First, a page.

Sustainable Agriculture Standards

As a representative of the Michigan Organic Food and Farm Alliance Board, I have been selected as a member of the Leonardo Institute's Committee to draft Sustainable Agriculture Standards for the American National Standards Institute (ANSI) which is the sole US representative to the International Organization for Standardization (ISO). Yes, I know what many of you are thinking here: why do we need another standard?; Isn't the Organic standard enough, or isn't already too weak, and wouldn't a sustainable agriculture standard simply water it down? Believe me when I say that I share your concerns. But this is the reason I have agreed to join this committee. I believe that without the participation of small, organic farming advocates, a sustainable standard might simply end up as another greenwashing initiative which allows conventional agriculture to claim that it is sustainable. Despite my reservations about the process, I have agreed to engage in it for several reasons. First, I think it is really important that organic and small farming advocates engage in real dialogue with entities like Farm Bureau, American Corn Growers Association, and other advocates of conventional farming systems in a discussion about sustainability.

Too often, we overlook the things we have in common with these groups – first and foremost among them, an interest in the long term survival of American Farmers, and the economic sustainability of American farming – and instead choose to engage in policy battles that we are ill-equipped to win. These include issues such as organic integrity, GMO’s, small farming, and pesticide regulation.

I do not believe that these things are unimportant. I am simply suggesting that the monetary resources and lobbying clout of these organizations tend to trump the concerns of the sustainable/organic agriculture community. And that engaging in a dialogue with the organizations we have commonly seen as our enemies may be our best chance to find common ground upon which we might promote our agenda. In addition, I think that these organizations are seeing the writing on the wall: Americans don’t want poison in their food, nor do they want its production to be a significant source of water pollution, global warming, dead zones, and poor health.

Is it reasonable to believe that a process which engages such disparate groups as FB. ACGA. Defenders of Wildlife, IFOAM, Organic Trade Association, International Labor Rights Forum, Grocery Manufactuerrs Association, Rodale, Oxfam, Whole Foods, Defenders of Wildlife, American Farmland Trust, EPA, Kellogg Company and others can agree on a meaningful standard that will improve the sustainability of American agriculture?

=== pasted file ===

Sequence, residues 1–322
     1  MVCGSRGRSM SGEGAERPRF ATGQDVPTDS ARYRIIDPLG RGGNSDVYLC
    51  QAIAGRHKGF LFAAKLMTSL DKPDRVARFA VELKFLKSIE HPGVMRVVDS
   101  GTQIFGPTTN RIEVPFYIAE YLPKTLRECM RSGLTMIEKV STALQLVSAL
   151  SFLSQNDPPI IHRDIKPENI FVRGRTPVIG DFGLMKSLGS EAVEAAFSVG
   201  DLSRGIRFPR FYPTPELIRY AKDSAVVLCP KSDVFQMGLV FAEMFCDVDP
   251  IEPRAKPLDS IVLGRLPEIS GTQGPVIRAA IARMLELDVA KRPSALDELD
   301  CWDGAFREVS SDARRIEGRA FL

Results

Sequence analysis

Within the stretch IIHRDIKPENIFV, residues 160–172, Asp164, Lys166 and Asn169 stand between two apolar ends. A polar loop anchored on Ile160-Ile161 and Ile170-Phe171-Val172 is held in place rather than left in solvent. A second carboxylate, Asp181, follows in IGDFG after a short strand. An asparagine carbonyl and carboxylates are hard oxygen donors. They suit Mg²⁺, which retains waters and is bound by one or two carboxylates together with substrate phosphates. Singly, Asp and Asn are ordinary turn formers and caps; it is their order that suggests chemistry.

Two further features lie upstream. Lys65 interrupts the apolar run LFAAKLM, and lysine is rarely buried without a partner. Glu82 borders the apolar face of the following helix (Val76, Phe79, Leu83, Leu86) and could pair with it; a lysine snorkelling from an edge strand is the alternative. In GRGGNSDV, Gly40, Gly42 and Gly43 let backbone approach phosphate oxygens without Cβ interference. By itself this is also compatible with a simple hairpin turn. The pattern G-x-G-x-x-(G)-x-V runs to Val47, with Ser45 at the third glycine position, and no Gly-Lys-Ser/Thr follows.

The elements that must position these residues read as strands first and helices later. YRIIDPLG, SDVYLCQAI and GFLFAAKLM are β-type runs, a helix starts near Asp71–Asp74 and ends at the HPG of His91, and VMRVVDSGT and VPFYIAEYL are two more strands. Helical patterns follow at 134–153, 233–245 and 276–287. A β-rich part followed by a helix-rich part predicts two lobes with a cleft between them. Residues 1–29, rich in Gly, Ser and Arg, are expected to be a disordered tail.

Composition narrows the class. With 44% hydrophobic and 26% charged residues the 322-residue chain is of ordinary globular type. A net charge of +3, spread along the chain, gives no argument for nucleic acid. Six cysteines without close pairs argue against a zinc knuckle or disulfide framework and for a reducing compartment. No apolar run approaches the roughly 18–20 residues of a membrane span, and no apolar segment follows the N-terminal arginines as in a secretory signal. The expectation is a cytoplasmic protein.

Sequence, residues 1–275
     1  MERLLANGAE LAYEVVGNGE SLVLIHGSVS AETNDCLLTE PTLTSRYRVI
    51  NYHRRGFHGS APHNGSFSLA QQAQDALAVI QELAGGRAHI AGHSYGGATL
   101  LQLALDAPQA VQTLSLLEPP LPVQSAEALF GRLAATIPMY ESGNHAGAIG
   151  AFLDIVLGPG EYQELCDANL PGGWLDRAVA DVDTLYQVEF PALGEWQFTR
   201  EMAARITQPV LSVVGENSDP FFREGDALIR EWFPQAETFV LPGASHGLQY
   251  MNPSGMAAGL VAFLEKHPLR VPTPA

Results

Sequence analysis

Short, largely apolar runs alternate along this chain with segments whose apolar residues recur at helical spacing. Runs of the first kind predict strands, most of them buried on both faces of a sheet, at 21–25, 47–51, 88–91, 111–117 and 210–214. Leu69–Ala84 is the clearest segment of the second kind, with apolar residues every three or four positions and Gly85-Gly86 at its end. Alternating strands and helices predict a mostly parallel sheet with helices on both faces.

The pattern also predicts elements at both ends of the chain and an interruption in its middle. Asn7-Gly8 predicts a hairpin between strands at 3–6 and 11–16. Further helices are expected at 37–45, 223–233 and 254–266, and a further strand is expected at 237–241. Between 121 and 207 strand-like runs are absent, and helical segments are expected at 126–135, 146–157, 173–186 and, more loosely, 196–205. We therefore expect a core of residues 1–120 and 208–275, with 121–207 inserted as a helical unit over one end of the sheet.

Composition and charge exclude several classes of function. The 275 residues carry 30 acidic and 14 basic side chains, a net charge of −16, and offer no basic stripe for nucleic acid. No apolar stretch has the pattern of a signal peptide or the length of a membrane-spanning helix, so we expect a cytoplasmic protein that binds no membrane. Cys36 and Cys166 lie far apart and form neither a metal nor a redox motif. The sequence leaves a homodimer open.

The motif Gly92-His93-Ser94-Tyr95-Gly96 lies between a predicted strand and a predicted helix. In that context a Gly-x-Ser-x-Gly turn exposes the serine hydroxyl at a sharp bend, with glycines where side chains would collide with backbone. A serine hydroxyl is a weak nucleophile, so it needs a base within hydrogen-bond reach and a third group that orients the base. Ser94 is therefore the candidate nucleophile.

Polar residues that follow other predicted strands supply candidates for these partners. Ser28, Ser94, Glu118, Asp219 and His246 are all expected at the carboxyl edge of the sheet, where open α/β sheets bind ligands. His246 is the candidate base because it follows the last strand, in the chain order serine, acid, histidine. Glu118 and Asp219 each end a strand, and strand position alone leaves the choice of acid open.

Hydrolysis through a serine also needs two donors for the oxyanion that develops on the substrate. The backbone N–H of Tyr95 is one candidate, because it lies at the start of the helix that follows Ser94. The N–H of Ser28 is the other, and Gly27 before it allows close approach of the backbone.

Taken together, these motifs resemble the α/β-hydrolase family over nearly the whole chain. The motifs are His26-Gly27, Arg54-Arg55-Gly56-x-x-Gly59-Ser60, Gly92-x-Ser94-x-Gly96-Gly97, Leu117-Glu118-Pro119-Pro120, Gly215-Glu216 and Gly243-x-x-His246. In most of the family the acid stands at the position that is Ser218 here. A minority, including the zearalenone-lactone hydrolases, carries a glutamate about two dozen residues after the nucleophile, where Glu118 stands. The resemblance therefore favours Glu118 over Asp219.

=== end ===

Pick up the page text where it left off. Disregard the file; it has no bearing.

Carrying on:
I’m not sure. But I don’t think we have much to lose. On the contrary, I believe it is time we stop fighting each other and try to find some common ground. And if we cannot agree on what a sustainable standard should look like, and all that results from this exercise is a discussion which articulates the disagreements which separate us (GMO’s, commodity agriculture, industry consolidation, etc.) at least it may still function to build personal relationships between these groups which help us to find the places where we do have common ground, and can work together.

In this endeavor I am not suggesting that we compromise our values. On the contrary, I am suggesting that we embrace them, see where they connect and where they do not, in an effort to educate and relate to one another face to face, rather than through lawsuits and lobbying efforts, which those of us in the organic/sustainable community have almost always lost.

To learn more about this process, please visit

Also, learn more about why the Rodale Institute has chosen to engage in this process by reading the excellent article at

Your comments, concerns, and ideas about this issue are welcome. Please share them on our discussion forum, or send them to us at

Although the Committee

Leave a comment

Your email address will not be published.